Yuchengco-led Rizal Commercial Banking Corp. (RCBC) has threatened to bring Bangladesh Central Bank officials to court for allegedly maligning the local bank and using it as the “scapegoat” in the $81-million cyberheist that happened in early 2016.
In a statement yesterday, RCBC said it was mulling legal action against Dhaka officials.
“RCBC has had it and will consider a lawsuit against Bangladesh Central Bank (BB) officials for claiming the bank had a hand in the $81-M cyberheist two years ago,” RCBC said.
“We will not allow them to continue to malign RCBC. Various reports, including their own, indicate an inside job. BB and Dhaka officials refuse to release their findings to hide from the Bangladeshi public what could very well be the involvement of its own officials who may have helped loot their money deposited with the New York Federal Reserve,” the bank said.
RCBC accused BB of perpetuating the cover-up and using the Philippine bank as a scapegoat “to keep their people in the dark.”
The statement was issued by RCBC on the heels of reports that BB would file a lawsuit in New York against the local bank in relation to the $81-million cyberheist.
Wire agency AFP reported that Bangladesh Finance Minister A.M.A. Muhit had told reporters in Dhaka that “it will be (filed in New York). Fed may be a party.”
AFP also quoted deputy central bank governor Razee Hassan as saying that the case would be filed in April.
“If they sue, RCBC is ready and prepared. The first thing we will ask is for BB and Dhaka to submit to court their findings. If they refuse, they will suffer from comparison since RCBC willingly shared information to the extent allowed by law. And why sue RCBC when they should be suing instead their own, the criminal elements from within?” RCBC said.
“Again, why is BB not going against those who have been identified as having possession of the remaining money? There is none left in RCBC,” the bank added.
RCBC said it was time for BB and Dhaka to “come clean and give its people answers.”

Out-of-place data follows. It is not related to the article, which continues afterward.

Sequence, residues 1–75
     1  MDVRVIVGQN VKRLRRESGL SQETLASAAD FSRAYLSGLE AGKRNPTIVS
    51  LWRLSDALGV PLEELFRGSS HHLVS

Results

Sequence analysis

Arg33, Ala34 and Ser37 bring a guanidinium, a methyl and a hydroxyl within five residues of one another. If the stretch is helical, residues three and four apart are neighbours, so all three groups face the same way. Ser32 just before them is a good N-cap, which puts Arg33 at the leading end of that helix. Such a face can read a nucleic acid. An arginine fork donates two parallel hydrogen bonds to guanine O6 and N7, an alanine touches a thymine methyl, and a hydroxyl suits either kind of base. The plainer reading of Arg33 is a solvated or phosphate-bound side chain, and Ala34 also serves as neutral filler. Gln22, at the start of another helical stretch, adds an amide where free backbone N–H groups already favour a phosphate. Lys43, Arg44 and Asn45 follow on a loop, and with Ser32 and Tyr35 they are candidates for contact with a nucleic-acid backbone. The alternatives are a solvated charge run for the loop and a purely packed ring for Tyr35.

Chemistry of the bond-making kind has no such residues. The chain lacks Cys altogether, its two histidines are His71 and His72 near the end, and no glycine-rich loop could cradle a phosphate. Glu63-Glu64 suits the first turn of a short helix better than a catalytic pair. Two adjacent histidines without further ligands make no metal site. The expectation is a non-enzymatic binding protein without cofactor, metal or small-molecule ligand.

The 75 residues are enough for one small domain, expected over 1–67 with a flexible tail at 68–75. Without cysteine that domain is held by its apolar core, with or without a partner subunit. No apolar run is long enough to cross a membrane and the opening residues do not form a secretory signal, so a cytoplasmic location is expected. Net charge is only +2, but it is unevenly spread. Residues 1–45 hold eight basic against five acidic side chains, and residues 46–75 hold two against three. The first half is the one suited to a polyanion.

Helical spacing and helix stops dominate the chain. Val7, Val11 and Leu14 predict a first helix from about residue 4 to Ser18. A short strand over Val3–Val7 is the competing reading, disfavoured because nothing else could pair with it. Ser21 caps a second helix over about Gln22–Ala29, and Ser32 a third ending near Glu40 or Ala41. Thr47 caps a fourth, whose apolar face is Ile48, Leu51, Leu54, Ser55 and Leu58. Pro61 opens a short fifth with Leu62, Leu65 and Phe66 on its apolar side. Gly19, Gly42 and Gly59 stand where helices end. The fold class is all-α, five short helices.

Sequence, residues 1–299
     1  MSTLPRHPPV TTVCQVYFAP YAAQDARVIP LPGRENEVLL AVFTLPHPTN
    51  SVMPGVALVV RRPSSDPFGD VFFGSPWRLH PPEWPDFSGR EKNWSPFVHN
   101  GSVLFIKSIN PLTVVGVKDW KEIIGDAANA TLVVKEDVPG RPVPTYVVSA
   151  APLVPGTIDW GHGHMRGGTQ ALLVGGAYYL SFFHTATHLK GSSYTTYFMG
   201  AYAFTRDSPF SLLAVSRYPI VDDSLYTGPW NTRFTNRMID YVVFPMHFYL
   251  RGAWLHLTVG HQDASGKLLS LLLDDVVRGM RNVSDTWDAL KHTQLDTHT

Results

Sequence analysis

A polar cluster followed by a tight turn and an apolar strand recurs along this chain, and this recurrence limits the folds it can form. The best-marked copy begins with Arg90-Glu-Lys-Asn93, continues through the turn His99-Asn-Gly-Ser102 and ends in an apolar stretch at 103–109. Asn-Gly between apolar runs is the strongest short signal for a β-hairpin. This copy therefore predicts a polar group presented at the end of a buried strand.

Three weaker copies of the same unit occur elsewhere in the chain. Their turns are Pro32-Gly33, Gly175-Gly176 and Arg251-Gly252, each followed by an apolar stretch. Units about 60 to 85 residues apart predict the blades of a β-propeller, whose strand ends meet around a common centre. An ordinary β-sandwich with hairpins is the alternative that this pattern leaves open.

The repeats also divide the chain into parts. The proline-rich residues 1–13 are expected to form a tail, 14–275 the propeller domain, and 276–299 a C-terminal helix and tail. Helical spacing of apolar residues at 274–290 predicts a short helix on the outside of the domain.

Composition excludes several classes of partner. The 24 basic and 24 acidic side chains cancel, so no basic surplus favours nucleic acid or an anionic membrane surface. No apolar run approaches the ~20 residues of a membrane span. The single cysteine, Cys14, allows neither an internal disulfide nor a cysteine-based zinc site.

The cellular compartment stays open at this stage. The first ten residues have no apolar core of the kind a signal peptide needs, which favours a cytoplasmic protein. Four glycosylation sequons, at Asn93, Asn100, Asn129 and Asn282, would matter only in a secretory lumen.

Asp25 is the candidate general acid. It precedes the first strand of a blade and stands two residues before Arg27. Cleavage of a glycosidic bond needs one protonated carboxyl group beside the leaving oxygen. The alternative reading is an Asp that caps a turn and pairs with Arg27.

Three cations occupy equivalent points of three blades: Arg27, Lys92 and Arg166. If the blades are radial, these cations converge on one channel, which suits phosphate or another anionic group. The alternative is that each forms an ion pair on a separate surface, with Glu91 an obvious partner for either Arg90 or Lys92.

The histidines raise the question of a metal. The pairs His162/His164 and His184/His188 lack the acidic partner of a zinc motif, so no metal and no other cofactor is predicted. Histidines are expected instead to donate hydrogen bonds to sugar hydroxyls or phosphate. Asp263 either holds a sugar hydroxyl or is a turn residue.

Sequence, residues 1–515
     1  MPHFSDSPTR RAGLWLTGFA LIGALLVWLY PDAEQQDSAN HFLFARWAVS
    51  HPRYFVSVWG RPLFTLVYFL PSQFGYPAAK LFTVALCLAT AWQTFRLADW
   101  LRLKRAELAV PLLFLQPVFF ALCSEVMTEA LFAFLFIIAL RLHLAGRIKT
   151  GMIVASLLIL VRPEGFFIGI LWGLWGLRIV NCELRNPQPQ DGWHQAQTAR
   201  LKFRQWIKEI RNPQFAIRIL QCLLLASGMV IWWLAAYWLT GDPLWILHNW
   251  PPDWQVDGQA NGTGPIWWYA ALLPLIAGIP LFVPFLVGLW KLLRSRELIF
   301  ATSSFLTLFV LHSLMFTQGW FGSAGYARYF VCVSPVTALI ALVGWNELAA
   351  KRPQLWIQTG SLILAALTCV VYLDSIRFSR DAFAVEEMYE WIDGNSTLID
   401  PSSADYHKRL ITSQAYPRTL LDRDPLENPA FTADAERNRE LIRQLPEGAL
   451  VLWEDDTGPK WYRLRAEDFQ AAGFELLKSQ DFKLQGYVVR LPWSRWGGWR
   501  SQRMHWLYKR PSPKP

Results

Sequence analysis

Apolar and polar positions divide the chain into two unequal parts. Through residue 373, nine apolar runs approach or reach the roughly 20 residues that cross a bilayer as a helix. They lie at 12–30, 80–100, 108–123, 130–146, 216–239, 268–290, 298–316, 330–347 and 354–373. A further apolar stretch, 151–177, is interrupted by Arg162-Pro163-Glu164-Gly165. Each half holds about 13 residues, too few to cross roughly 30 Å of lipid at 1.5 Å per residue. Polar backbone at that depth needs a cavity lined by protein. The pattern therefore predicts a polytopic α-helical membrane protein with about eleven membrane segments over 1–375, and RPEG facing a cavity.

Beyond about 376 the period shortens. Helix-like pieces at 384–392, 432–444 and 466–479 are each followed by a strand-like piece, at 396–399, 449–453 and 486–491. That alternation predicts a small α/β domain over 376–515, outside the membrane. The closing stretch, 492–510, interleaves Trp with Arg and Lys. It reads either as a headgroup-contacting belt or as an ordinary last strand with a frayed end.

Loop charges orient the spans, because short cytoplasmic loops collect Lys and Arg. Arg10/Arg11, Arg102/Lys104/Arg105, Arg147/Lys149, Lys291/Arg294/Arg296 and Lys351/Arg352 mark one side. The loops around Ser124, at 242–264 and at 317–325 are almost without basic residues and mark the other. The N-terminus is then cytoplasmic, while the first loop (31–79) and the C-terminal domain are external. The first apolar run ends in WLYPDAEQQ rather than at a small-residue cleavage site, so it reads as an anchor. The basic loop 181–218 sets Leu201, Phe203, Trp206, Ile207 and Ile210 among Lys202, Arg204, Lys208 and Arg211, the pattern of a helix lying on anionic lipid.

In 2016, $81 million in dirty money stolen by hackers from BB slipped into RCBC’s branch on Jupiter St. in Makati City, quickly withdrawn and eventually laundered through in local casinos.
The Bangko Sentral ng Pilipinas slapped the bank with a P1-billion fine. RCBC has since then strengthened internal controls and revamped its senior management team.
The $81-million money laundering issue, which RCBC claimed to be the handiwork of a “rouge” branch on Jupiter Street, Makati then led by its manager, Maia Deguito, thrust the Philippines into the global spotlight in 2016 as this was said to be the world’s biggest cyberhacking incident.
Casino junket operator Kim Wong had identified two Chinese—junket agent Shuhua Gao and Ding Zhize, a businessman from Macau—as those who had allegedly brought the $81 million to the country and arranged the opening of the bank accounts at RCBC Jupiter.These people have yet to be found and charged.
After several sessions of the Senate’s public hearing on the matter, about $17 million of the money stolen from Bangladesh remained unaccounted for. Wong had said the remaining money was with Philrem, the remittance firm used for the transactions, but Philrem denied this.
Bank accounts were opened at RCBC’s Jupiter branch under fictitious names on May 12, 2015, each funded with only $500. They were untouched until Feb. 5, 2016 when $81 million was wired from Bangladesh to the bank accounts.
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